Launches are full of the unknown and a big part of the launch mastery philosophy is to lean in with unwavering faith and support yourself with the tools, resources and rituals you need to maintain a positive mindset throughout the launch period. But I also don’t want you to avoid launching because the unknown is too scary. So here are some of my rules of launching designed to help you manage launch expectations and give you peace of mind.
Rule of Launching #1: Normal conversion is 0.5-2% of your list
Before you start worrying that you haven’t enrolled 100 people into your e-Course, it’s important to get realistic and set launch expectations or goals based on this magic average conversion rate.
Industry standard says conversion should be between 0.5-2% of your list with 1% behind the average. And I have to agree, this statistic really holds up as I always seem to get almost exactly 1-2% of my list when launching (I talk more about this conversion rate in this blog post here).
Of course, you may get better conversion than this (some of my clients have) but it’s a good statistic to help you keep realistic launch expectations.
Knowing the average conversion rate helps take away some of the guessing and ‘unknowns’ of launching and allows you to set realistic and achievable goals. You can use this rule to help you set must-achieve, stretch and ultimate goals for your launch.Celebrate the effort, not the result - Dr Cathy Collaut Click To Tweet
Rule of Launching #2: Most people will purchase in the last 48 hours of early-bird period
If you’ve opened the cart to the early-bird offer and are starting to panic that nobody will buy then I want you to know that most people will purchase in the last 48 hours of the early-bird enrollment closing period.
In fact, a whopping 50% of sales came in during the last 48 hours of early-bird period in my last launch of e-Course Launch Formula.
Understanding this rule of launching helps take some of the pressure off and can allow you to create space and be prepared to receive during the last 48 hours of early-bird pricing. You might also want to run an end-of-early-bird webinar to continue to build urgency and communicate scarcity.
Rule of Launching #3: Common ratio of early-bird to full price sales is 80:20
Yep, people will still buy your e-Course full price if you keep on selling it. While this isn’t the majority of people, it’s still a substantial amount of sales. So don’t lose faith or lower launch expectations after early-bird period closes!
The aim during this period is to convert fence sitters and you can do this with another webinar or a live Q&A session to answer any questions or concerns.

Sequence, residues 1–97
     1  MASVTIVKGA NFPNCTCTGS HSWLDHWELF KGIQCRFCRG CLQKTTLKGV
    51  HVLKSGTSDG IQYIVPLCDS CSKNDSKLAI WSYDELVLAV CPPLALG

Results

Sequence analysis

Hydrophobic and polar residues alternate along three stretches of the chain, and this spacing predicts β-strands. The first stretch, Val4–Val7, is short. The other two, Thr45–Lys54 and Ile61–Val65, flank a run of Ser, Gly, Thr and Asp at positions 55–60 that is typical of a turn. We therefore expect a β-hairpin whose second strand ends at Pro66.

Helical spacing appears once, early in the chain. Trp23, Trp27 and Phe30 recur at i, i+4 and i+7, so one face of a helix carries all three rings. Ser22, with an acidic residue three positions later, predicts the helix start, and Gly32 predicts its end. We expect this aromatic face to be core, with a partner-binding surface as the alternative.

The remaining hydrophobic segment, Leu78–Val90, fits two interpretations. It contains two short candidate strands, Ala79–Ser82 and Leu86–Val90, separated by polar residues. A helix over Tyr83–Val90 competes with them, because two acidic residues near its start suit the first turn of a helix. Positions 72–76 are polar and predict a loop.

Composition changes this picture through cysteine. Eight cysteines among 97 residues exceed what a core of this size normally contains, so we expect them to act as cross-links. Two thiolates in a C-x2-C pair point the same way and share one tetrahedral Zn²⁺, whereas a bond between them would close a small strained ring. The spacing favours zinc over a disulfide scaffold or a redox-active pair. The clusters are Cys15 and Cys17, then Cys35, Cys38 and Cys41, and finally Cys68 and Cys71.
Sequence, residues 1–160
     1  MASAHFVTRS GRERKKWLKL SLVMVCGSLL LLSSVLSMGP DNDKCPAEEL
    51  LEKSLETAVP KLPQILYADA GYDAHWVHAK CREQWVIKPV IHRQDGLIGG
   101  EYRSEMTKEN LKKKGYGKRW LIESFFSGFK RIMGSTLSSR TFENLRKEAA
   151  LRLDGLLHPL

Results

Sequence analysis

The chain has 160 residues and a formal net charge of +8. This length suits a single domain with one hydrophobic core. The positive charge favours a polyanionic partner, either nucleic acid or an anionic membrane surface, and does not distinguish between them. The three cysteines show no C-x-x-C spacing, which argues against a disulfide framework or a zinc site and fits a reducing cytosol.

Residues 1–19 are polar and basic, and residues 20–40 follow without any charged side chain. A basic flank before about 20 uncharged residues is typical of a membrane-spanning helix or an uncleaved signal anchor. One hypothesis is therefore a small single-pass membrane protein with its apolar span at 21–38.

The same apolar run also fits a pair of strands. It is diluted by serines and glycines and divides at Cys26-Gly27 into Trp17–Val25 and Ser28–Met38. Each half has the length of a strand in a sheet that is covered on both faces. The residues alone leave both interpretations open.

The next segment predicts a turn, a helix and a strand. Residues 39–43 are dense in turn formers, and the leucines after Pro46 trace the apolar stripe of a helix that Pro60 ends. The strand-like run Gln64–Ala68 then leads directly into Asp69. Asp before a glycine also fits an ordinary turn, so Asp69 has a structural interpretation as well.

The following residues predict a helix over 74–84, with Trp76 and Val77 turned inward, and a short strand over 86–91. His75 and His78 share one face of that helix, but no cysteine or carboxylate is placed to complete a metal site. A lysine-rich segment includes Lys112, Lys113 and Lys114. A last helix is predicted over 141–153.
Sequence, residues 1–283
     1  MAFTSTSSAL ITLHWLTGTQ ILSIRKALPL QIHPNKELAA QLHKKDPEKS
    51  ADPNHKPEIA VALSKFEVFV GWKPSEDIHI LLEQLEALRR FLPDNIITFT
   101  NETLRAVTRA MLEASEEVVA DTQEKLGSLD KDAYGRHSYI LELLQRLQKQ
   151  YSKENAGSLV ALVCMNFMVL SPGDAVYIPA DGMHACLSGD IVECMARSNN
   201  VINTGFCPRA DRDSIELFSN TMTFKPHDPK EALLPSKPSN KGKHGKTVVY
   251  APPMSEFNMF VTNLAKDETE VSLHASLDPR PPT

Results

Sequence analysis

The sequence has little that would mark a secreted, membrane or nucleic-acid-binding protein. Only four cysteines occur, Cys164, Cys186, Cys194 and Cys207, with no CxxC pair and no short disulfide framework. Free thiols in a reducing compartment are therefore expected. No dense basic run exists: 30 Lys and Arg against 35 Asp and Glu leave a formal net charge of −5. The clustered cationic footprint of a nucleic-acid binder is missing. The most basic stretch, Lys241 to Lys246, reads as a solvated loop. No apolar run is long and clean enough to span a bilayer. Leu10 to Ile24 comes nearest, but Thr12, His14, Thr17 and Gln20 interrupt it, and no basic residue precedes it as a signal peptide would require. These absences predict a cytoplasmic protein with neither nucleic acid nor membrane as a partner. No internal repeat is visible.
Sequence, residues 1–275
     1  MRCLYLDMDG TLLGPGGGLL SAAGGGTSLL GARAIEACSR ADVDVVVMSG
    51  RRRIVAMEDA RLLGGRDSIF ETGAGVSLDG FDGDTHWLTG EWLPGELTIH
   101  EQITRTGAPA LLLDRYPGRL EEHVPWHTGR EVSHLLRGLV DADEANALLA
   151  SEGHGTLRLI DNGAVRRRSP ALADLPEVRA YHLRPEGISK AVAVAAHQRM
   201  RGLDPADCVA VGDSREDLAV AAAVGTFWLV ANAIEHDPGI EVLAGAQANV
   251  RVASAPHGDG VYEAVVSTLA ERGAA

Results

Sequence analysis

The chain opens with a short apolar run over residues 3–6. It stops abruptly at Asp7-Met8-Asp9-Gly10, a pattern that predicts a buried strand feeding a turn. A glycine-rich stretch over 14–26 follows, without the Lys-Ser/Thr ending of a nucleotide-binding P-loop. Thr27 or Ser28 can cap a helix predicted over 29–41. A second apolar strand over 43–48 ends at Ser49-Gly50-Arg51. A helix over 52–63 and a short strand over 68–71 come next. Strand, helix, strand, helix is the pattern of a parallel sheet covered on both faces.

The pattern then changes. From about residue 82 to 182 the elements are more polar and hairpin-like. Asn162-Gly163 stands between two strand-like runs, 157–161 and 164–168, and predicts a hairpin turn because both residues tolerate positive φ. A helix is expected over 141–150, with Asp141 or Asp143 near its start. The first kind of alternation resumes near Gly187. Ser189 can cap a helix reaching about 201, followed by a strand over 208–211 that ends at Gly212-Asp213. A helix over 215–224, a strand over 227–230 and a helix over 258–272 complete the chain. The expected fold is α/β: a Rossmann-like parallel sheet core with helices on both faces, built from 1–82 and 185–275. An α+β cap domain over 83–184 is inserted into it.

Now let’s break these launch expectations down using an example from my last launch of e-Course Launch Formula:
- Only 26% came in between the cart opening and 48 hours before early-bird close and that was with significant motivators such as a competition special, pre-notification for my list and opening webinar
- 50% of sales came in last 48 hours of early bird
- Another 10% in last 48 hours before close
- Other 14% fairly evenly dispersed throughout the launch
Rule of Launching #4: The product lifecycle
Another key rule to understand about launching is the product lifecycle. The product lifecycle talks about the stages of a product and the percentage of your tribe who will buy at each stage. It also explains why people don’t always buy the first time you launch something.
You can see that the tiniest amount of your tribe (the Innovators) will purchase the first few times you launch it and these are the people who want to try it, offer suggestions and be part of the development process. They are also often your loyal and devoted customers who know the value of working with you intimately.
The next segment are the Early Adopters and this is where you start to see momentum. These people are glad to see it is not a one launch wonder and are now happy to get in on the action.
Then if you have been willing to stay the course, invest in your program, build your list and improve your offering based on feedback you start to see the really big launches in the Early Majority phase. The Early Majority are interested in being ahead of the curve with new ideas but aren’t willing to suffer the kinks and quirks of an untested product.
What happens after this is the Late Majority phase. Late Majority wants what is standard and have no interest in being above ahead of the curve. They’re happy to buy a product as long as it has reached a certain level of professionalism and status as a leader in its niche.
Finally is the Laggards phase where you are getting similar sales to the Early Adopter phase but with a clear downward trend. This is the point where you might retire your product, do a major update or enhancement to reinvigorate it or turn it evergreen.
So where are you in the product lifecycle and how can you use this information to adapt your marketing to specific segments? You need to sell to the buying habits and traits of the stage of the product lifecycle you are in.
I hope these rules of launching have opened your eyes to what a ‘normal’ launch looks like and will help you to move forward with some solid launch expectations and goals!
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